"Dorothy: The Later Years"
Bogdown earned a place in Depressionism's hall of fame by taking upon himself a personal crusade to tell the "real downer stories" behind many popular fairy tales, songs and stories. In his autobiography, Happy Never After, he explains his disillusion as a child when he discovered he didn't have to try as hard as the story says he did. "I made up my mind then," he recounts, "to show the cloud behind every silver lining."
He first attracted attention with his portrait, "Less Witch than Victim," which presented the Queen in the Snow White tale as the product of a dysfunctional family and an abusive husband.
The present canvas was from his later years, after he was driven out of Germany and fled to the United States because of his painting, "Hansel and Gretel: Natural Born Killers."
The artist examined the Oz story, or what he called "Dorothy's Fugue State," from the viewpoint of repressed adolescent sexual fantasies. He then built upon that theme to depict a sadder but no wiser Dorothy, now known as "the Moll of the Munchkins," here shown insensible after a night of libertine partying well-lubricated with Winkie wine and Quaadlingludes. She is being ogled by a couple of neer-do-wells from the Sandy Waste who are torn between ravishment and the theft of the famous Ruby Slippers, which Dorothy had purloined from the Oz Museum of Natural History to make it easier to get from tryst to tryst.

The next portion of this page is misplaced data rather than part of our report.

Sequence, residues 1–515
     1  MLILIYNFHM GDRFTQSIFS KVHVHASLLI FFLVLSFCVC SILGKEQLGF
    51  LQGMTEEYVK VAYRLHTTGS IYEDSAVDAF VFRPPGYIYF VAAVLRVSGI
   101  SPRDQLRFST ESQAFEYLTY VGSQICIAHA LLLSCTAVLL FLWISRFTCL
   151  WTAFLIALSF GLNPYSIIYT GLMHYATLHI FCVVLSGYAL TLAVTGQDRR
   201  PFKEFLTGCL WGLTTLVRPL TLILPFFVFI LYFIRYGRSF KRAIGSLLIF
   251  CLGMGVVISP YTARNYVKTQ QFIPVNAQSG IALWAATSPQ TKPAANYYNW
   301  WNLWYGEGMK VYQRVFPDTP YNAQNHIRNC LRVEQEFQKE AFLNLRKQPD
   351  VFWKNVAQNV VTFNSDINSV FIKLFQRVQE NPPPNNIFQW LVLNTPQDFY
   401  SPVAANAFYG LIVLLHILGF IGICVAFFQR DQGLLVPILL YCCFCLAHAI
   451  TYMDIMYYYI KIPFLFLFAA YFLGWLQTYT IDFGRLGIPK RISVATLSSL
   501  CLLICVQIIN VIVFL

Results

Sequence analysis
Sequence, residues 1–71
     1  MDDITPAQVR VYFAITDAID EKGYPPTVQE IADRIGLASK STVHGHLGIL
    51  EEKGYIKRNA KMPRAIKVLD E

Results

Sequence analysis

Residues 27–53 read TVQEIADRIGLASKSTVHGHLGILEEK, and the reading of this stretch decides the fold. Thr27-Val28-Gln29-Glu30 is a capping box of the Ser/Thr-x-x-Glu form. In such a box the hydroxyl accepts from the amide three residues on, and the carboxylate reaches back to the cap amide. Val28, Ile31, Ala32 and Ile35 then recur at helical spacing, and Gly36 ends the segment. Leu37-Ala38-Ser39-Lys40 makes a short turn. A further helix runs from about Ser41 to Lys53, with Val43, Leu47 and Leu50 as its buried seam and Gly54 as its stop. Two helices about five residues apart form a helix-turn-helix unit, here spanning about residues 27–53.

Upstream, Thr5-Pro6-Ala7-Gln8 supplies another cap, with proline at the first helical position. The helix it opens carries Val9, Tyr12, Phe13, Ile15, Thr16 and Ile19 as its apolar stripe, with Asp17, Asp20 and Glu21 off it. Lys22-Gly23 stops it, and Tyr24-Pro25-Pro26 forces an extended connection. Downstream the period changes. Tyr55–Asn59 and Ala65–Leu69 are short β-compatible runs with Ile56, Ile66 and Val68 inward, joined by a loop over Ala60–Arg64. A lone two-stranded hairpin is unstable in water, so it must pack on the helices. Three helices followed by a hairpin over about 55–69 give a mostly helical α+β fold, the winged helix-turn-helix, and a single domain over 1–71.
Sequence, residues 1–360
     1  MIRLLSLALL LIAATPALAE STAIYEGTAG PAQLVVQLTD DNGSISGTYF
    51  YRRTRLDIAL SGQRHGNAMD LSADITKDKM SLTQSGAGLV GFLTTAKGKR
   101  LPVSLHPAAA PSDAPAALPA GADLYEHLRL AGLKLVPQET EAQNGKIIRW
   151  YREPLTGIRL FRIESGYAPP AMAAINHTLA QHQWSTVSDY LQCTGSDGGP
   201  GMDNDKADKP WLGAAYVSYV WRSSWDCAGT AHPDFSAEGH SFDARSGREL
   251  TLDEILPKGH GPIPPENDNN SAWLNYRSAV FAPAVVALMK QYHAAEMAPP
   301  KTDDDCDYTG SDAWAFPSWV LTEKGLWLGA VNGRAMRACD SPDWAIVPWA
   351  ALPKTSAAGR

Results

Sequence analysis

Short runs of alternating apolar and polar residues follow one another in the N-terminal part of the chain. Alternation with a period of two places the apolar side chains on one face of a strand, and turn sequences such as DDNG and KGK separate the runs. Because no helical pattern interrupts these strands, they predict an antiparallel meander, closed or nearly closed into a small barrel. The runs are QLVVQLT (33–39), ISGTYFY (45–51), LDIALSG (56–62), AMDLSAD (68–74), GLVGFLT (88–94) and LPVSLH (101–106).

Shortly after this painting was completed Bogdown disappeared, never to be seen again. Police were unable to rule out foul play, pointing out the discovery in the painter's loft of several unaccountable wisps of straw, a battered tin funnel and several strands of what later proved to be hair from a lion's mane.